• State grant activities must include:
    • A periodic statewide needs assessment;
    • Collaboration, coordination, and partnership opportunities that improve both program quality, service delivery, and program participation;
    • Alignment with existing early childhood statewide initiatives, including governance among State Advisory Councils, as well as the Child and Development Block Grant (CCDBG) Act of 2014.
    • Maximizing parental choice and knowledge of mixed delivery system programs and providers; and
    • Sharing best practices among state programs and providers.
  • These grants will not be subject to any federal mandates regarding specific requirements around standards, curriculum, and assessment, measures or indicators of quality, teacher and staff qualifications and salaries, program duration (length of day and year), or class sizes and ratios.
  • States are encouraged to use subgrants to carry out their strategic plan activities. There is a limit of 60% of funding to support subgrants within a state’s first year of their grant renewal, and 75% in the second year of renewal.
  • The House has approved an appropriation of $250m to support this program from FY 2017-2020.

With the passage of the Every Student Succeeds Act, complemented by last year’s reauthorization of the Child Care and Development Block Grant (CCDBG), states are poised to leverage new statutory reach to align state systems and expand access to high-quality early care and learning programs, including state-funded preschool for children from low- and moderate-income families. However, both federal and state resources remain critical in order to maximize the impact of both newly minted laws. With adequate levels of investment behind them, these key legislative packages may open new inroads that significantly advance how we support America’s workforce of today and tomorrow.

 Child Care and Development Block Grant

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2014 White House signing ceremony

CCDBG Signed Into Law By President Obama

On November 19th, 2014, the President signed the Child Care and Development Block Grant (CCDBG) Act  into law. After 18 years without a reauthorization, enactment of the bill in a bipartisan bicameral manner was a historic achievement.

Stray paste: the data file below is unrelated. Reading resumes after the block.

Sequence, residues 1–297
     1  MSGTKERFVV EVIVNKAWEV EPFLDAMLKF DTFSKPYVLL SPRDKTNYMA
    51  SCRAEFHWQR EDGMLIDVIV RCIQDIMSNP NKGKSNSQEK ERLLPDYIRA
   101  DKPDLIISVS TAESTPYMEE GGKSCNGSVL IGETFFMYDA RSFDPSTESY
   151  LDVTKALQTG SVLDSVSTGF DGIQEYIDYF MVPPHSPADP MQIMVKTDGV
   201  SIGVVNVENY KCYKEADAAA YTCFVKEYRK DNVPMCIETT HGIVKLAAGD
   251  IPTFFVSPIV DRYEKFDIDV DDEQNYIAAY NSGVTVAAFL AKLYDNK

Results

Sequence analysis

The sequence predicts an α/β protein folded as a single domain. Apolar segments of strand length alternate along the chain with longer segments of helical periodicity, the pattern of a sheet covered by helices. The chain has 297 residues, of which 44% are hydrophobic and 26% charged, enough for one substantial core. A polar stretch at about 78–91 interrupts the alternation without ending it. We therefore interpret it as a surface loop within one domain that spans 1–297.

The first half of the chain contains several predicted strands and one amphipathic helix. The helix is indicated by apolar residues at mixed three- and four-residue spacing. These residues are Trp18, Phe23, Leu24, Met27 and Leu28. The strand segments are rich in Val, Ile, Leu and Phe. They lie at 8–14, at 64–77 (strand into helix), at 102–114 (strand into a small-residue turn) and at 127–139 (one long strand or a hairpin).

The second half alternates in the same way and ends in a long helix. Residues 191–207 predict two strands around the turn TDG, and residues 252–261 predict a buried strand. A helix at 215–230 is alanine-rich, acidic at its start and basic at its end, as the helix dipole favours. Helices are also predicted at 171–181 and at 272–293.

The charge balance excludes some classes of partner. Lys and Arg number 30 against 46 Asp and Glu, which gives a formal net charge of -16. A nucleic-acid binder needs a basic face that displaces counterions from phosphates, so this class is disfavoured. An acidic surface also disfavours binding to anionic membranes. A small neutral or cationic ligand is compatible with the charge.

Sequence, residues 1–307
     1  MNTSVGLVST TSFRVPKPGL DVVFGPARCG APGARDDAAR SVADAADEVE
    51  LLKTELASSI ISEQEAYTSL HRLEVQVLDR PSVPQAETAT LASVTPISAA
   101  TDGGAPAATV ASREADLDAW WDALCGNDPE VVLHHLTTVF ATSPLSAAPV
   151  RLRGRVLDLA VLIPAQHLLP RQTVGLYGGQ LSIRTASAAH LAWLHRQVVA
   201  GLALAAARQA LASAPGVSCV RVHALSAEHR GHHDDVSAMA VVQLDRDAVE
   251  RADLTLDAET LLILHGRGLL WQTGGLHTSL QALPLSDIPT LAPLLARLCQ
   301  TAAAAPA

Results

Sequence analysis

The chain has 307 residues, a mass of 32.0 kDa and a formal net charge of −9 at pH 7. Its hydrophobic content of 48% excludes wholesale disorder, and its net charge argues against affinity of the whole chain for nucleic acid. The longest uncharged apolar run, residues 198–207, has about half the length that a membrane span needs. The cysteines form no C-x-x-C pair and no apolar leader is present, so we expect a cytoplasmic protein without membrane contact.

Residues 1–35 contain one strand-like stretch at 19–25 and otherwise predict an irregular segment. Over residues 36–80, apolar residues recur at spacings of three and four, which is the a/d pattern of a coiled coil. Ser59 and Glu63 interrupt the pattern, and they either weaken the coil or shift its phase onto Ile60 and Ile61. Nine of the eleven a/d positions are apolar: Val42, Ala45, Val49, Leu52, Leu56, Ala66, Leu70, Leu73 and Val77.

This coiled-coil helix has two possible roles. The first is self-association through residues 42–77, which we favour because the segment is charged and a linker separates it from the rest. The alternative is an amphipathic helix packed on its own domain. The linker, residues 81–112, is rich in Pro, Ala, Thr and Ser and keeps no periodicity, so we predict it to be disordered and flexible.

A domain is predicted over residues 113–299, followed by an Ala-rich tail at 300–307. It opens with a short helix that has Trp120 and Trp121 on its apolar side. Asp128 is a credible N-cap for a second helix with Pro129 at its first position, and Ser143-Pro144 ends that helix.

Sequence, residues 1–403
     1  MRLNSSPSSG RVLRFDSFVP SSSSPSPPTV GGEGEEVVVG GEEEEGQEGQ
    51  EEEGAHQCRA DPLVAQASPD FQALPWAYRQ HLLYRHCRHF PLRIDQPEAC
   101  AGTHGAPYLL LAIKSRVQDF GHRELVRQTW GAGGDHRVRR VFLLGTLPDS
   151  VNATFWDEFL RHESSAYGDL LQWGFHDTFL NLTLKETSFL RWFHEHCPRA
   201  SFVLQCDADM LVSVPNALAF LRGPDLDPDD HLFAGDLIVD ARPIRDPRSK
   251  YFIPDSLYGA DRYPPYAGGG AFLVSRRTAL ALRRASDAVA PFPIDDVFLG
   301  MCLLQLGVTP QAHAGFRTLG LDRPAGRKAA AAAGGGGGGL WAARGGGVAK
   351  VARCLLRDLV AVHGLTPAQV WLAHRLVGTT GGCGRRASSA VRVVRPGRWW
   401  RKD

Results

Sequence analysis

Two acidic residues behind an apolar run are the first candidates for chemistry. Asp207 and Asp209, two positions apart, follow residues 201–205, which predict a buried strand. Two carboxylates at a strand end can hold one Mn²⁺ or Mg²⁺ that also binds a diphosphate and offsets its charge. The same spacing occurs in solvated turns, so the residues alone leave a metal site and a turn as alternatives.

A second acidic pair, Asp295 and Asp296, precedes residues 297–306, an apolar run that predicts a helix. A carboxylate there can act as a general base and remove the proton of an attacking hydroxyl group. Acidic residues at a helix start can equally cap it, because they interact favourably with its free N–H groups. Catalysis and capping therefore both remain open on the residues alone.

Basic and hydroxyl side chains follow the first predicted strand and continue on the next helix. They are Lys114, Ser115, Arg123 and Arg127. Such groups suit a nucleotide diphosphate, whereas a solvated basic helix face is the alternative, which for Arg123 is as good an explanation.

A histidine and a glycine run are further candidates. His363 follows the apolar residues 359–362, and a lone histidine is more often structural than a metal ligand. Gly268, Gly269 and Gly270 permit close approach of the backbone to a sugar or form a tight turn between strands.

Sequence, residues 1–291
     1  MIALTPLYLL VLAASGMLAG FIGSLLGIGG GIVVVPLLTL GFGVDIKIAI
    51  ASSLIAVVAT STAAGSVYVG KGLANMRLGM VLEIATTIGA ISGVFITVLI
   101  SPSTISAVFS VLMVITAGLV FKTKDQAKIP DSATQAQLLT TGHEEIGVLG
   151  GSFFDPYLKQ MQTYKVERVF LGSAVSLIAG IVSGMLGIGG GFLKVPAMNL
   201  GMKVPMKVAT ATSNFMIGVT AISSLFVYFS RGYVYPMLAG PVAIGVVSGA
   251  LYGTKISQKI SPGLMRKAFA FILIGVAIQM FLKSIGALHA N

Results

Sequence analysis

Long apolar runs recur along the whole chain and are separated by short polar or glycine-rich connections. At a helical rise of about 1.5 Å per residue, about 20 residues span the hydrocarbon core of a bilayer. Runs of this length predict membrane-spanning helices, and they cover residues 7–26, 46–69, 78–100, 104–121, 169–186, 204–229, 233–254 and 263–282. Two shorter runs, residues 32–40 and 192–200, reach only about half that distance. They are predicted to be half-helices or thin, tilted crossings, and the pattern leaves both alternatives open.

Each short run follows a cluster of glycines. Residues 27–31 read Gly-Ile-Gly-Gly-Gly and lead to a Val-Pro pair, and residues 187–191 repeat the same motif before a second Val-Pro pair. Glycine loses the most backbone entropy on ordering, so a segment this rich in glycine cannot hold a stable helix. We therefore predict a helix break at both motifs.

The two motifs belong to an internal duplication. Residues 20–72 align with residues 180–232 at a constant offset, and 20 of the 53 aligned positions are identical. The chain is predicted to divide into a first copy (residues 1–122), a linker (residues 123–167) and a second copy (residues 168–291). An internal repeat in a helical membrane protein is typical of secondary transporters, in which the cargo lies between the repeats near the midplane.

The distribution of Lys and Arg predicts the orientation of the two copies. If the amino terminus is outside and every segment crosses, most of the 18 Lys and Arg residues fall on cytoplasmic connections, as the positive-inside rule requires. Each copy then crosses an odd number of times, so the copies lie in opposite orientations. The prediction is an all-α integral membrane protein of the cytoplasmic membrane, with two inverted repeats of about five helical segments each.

The CCDBG Act of 2014 incorporates input and changes made over the course of the past several years as Congressional leaders and staff, as well as a broad community of advocates and voices from the field, worked to update and improve the act, last authorized in 1996.  Introduced in the 113th Congress during the Summer of 2014, the bill represented a bipartisan commitment to reauthorizing the law made by Representatives John Kline (R-MN), George Miller (D-CA), Todd Rokita(R-IN), and David Loebsack (D-IA), and Senators Tom Harkin (D-IA), Lamar Alexander (R-TN), Barbara Mikulski (D-MD), and Richard Burr (R-NC).

CCDBG significantly improves child care safety, quality, and access through a series of key provisions outlined below.  The bill includes new language that directly addresses affordability, continuity of care, and cost stabilization that will both benefit families and support providers. Much of this language came directly from ECEC member perspectives that were communicated to Congressional leaders through a variety of channels.

For more information on CCDBG, check out ECEC’s high quality care page.

Final CCDBG regulations were published in the Federal Register on September 30, 2016.  Resources related to the final regulations:

Connecting Children and Families to the Affordable Health Care Act

The Department of Health and Human Services has released materials to assist community resources, including child care centers, with connecting children and families to health insurance coverage via the Affordable Health Care Act. Resources include:

Information Toolkit: Download a condensed version of our health care law toolkit to use during the final weeks of open enrollment.

Need health care?  https://www.healthcare.gov/